I keep coming across a story that’s been floating around on the internet, about a 15 year old boy named Jacob, who died of massive internal bleeding caused by a ruptured dissection. Jacob was taken to the hospital – 4 days prior to his death – because of severe chest pains and a black swelling on his neck. Staff at the Wharfedale Hospital were so concerened that they sent him by ambulance to Leeds General Infirmary – the largest teaching hospital in England – suspecting that he had a bleed in his chest. Once there though, he waited 3 hours to be seen, despite phone calls to the hospital warning of his arrival. When he was seen he was told that he had a chest infection and was sent home with painkillers by a junior doctor without further medical review. 4 days later Jacob passed away.
There are so many things wrong with this story. Why would you make a 15 year old with suspected chest bleeding wait for three hours just to be seen – by a junior staffer none the less. And yes, knowing he had Marfan Syndrome could’ve likely made a huge difference, but there are so many things the doctors could’ve done differently that may have also saved his life. For one, why didn’t they check the blood pressure in both of his arms? Such a simple step. It should’ve been determined with 100% certainty that there was no bleeding, how hard can that be, when this boy’s life had depended on it. Why was a guarantee of his survival not worth a quick imaging study of the chest?
It’s a sad and sober reminder of just how critical it is to be diagnosed with Marfan Syndrome at an early age and how important it is to raise awareness to not only those who may have the disorder themselves, but those who are responsible for treating us. If we keep talking about it, writing about it and spreading the word, then maybe one day the world will know what Marfan Syndrome looks like and tragedies like this one will cease.
I remember one of the last times I ended up in the emergency room, not one nurse there knew what MFS was, they had to look it up on the computer. I do live in a small town, but there is a chance that one day I’ll end up there at a critical moment and them knowing about my disorder could make all the difference. I always carry an emergency alert card in my wallet wherever I go, should I ever need emergency care and be unconscious and unable to tell them myself. I recommend you check out The Marfan Foundation’s tool kit or get a medical bracelet to alert potential doctors of your disorder.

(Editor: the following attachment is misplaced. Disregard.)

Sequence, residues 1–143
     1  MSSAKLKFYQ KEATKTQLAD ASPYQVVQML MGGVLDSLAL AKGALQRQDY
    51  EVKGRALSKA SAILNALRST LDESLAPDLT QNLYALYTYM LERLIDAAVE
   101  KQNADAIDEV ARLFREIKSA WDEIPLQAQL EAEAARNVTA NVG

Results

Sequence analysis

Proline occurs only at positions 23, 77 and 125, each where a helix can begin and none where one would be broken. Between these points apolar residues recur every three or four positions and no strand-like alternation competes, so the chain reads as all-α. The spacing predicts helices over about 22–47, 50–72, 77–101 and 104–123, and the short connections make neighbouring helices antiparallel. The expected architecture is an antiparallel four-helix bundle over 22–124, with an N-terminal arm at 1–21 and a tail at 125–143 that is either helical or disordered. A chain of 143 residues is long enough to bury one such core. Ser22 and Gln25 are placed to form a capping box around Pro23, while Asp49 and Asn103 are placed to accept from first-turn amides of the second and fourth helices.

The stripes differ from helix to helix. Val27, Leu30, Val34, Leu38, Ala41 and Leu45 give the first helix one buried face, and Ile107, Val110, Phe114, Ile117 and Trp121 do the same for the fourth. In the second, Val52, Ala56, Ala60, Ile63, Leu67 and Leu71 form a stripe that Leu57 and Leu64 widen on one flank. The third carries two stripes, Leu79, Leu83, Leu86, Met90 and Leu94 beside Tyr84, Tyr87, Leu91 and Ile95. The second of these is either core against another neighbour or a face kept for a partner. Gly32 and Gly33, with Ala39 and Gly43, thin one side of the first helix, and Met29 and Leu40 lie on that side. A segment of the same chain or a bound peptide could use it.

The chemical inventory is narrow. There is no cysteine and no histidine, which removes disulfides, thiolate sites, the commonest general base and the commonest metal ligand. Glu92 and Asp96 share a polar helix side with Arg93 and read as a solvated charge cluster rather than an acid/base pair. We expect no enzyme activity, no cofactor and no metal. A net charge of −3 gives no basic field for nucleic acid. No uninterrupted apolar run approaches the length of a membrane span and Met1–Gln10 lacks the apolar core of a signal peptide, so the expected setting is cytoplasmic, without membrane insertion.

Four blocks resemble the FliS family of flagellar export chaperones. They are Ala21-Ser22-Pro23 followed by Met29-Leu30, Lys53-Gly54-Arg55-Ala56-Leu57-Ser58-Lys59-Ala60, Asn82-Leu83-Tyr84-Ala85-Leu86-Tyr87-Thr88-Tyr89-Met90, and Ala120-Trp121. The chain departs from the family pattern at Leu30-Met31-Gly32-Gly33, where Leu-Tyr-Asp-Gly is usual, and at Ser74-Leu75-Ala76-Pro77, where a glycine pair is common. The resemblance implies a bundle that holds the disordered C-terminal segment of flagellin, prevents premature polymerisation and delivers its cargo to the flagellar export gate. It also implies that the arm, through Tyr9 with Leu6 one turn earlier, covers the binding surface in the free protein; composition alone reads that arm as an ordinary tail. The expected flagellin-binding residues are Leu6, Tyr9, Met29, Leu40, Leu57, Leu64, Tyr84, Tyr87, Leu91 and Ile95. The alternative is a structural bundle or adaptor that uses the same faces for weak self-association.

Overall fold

I was lucky. I knew about Marfan Syndrome from an early age because of my dislocated lenses. Even when they falsely told me that I didn’t have it at 4, I was still aware of my early experience with the word throughout my life. If I hadn’t known what it was later on when unsettling symptoms began to arise, then I would’ve continued to play basketball and volleyball well into my life without giving a thought to it. I was lucky because I had the chance to find out for sure, before any real consequences arose. I’ve learned how important it is to rely on yourself and your instincts, how the word doctor is just a title and that you can’t put too much faith in a title. It was me and my family who had the sense to suspect that I did in fact have Marfan Syndrome despite what I had been told indefinitely so many years ago. Then we learned that the disorder can’t be ruled out at such a young age. A few years after we started exploring the possibilities my aorta started to dilate, and I shutter to think about what could’ve happened had we not taken my care into our own hands and into the hands of a new group of trustworthy professionals.
[Any medical terms and/or definitions featured on this blog have been thoroughly researched by me as to not lead to any false consumption of information by the reader. Though, that aside; I am not a doctor and the medical information on this site should not be taken as a substitute for the advice of medical professionals. If you’re experiencing any health issues don’t hesitate to contact your doctor.]